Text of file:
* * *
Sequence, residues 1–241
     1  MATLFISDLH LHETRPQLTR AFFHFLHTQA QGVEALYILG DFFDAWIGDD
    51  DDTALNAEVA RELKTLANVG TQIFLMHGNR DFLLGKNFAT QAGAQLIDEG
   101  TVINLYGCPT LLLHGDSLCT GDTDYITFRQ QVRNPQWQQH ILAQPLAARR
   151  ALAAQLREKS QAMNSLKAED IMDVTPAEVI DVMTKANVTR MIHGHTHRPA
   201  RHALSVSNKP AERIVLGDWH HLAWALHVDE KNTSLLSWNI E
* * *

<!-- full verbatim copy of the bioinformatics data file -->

Sequence, residues 1–241
     1  MATLFISDLH LHETRPQLTR AFFHFLHTQA QGVEALYILG DFFDAWIGDD
    51  DDTALNAEVA RELKTLANVG TQIFLMHGNR DFLLGKNFAT QAGAQLIDEG
   101  TVINLYGCPT LLLHGDSLCT GDTDYITFRQ QVRNPQWQQH ILAQPLAARR
   151  ALAAQLREKS QAMNSLKAED IMDVTPAEVI DVMTKANVTR MIHGHTHRPA
   201  RHALSVSNKP AERIVLGDWH HLAWALHVDE KNTSLLSWNI E